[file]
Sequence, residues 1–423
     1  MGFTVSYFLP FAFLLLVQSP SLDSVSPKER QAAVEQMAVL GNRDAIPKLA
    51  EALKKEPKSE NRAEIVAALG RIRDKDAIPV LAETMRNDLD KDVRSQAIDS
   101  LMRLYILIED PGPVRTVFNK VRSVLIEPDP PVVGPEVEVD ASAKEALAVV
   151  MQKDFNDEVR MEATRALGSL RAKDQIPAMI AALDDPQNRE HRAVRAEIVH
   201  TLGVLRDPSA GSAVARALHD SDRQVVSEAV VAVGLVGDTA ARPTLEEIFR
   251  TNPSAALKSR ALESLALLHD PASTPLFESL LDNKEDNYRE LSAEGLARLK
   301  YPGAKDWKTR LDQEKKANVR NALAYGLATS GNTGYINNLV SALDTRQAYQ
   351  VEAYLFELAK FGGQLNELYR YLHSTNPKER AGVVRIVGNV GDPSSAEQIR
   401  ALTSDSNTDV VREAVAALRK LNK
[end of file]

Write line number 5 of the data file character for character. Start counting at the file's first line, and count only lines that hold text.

   151  MQKDFNDEVR MEATRALGSL RAKDQIPAMI AALDDPQNRE HRAVRAEIVH